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Wednesday, September 12,2012

'It's everybody’s dream to come home'

Timothy Busfield returns to his roots for LCC show opening this weekend

by Paul Wozniak

Before he hit it big with cultural touchstones “thirtysomething” and “Field of Dreams,” East Lansing native Timothy Busfield split his time rounding the bases and treading the boards at East Lansing High School, where he graduated in 1975. 

This weekend, the Emmy Award-winner returns to mid-Michigan for LCC’s dark two-person comedy “Vigil” alongside Lansing legend Carmen Decker. Busfield, 55, directs and stars in Morris Panych´s pitch black comedy as a neurotic nephew who is waiting ever so impatiently for his aunt, played by Decker, to die. 

He recently took some time to talk to City Pulse, recounting some of his early experiences, his influences, and the joy of coming home. 


When did you get into theater?

My sophomore year of high school. I played football and baseball, and I hung with the jocks, but I knew I wanted to be an actor. I just didn´t know how. I didn´t know what that world was. (East Lansing High School theater instructor) Kate Veihl convinced me that I could go into “Guys and Dolls” around my baseball schedule.


Who were some of your most influential teachers and peers at East Lansing High School?

Kate Veihl was such a great encourager to me and to everybody. She was so good at getting people to come together. At that same time we had a really great football coach at East Lansing, Jeff Smith, and both programs were very strong. The theater department put the athletes on stage, and the athletic department put the actors on the football team. Their influence broke down the barriers of theater and sports for me.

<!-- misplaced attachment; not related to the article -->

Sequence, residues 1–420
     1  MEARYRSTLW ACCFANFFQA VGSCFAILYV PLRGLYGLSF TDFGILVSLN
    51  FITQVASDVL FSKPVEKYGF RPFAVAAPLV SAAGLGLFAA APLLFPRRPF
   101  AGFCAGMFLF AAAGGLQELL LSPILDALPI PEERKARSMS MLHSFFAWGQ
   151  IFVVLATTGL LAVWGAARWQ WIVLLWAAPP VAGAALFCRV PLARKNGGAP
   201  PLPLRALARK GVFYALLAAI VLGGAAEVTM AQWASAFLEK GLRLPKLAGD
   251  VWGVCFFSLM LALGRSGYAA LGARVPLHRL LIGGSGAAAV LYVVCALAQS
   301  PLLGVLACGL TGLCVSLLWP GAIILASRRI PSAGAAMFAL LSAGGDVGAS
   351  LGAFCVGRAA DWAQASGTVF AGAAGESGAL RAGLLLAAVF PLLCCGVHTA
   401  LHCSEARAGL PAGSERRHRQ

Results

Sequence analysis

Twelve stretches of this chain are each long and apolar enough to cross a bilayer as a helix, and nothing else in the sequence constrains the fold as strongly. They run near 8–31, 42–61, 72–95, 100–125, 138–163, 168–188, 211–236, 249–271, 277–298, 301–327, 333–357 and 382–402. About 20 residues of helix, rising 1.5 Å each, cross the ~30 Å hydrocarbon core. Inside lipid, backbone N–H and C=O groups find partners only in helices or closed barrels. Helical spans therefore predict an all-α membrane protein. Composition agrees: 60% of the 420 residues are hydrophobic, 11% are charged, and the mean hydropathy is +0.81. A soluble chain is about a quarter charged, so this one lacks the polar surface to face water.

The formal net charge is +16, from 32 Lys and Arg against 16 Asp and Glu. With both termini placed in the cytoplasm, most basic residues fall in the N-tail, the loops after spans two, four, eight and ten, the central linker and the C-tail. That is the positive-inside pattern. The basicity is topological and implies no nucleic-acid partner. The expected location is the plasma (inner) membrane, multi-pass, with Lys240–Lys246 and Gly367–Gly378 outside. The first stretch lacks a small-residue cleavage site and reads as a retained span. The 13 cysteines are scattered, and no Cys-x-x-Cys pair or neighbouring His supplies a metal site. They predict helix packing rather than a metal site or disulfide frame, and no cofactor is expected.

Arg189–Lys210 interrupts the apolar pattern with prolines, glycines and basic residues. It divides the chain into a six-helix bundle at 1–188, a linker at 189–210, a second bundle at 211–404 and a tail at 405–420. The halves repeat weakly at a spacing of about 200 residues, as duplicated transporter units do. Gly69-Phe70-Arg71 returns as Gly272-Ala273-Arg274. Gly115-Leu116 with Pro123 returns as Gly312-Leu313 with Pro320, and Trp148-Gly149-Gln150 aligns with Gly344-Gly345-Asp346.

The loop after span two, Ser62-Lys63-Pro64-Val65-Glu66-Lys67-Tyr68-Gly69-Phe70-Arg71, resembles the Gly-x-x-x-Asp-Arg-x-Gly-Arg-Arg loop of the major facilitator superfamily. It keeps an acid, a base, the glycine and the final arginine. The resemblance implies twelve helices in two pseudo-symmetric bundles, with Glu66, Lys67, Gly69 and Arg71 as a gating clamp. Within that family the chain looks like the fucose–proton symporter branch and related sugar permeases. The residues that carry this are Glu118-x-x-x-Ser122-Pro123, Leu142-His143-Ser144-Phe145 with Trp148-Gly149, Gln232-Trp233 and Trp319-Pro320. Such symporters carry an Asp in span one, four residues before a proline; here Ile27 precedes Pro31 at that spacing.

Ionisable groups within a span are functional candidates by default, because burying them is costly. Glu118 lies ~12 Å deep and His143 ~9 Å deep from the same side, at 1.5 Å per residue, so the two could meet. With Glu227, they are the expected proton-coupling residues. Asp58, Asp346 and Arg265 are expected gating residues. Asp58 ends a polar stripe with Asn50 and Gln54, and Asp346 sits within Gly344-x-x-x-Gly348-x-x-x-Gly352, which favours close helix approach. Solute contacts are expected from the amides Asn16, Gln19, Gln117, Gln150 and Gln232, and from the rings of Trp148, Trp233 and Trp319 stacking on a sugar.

Lela Ivey was another actor who came out of that production of “Guys and Dolls.” I ended up working with Lela later, but seeing that world-class talent at a high school level was inspirational to me. 

My dad taught theater at MSU back in the ´50s. Theda Assiff was his choreographer and was also the choreographer for “Guys and Dolls.” All of a sudden it became cool that you could be a varsity athlete and a good actor. I think those influences were far greater than anybody teaching me “process.” Nobody gave me any process that applied to the professional world at a high school level. I got that from college and from the pros I´ve worked with. They gave me an opportunity to experience and trust, and that is far more important in high school than technique. It´s the opportunity for experience. 


What has the experience been like returning to Michigan?

I think it´s everybody´s dream to come home. I’ve done a lot of movies and TV shows, and I so appreciate the support of all the people out there watching. But when I think of the people who enjoy what I do, then I think of the people I grew up with. I think of the people who are still my closest friends and family all my life that are still here in Michigan. So to come home and be able to perform live for them, it´s such an honor. I´m excited to be home.


“Vigil”
Lansing Community College Sept. 14-23
8 p.m. Fridays and Saturdays
2 p.m. Saturdays and Sundays
LCC Black Box Theatre
Room 168 Gannon Building
$15 adults/$12 seniors/
$10 students
(517) 372-0945: box office (noon to 4 p.m., Tuesday through Friday)
(517) 483-1488: information 
lansingarts.org

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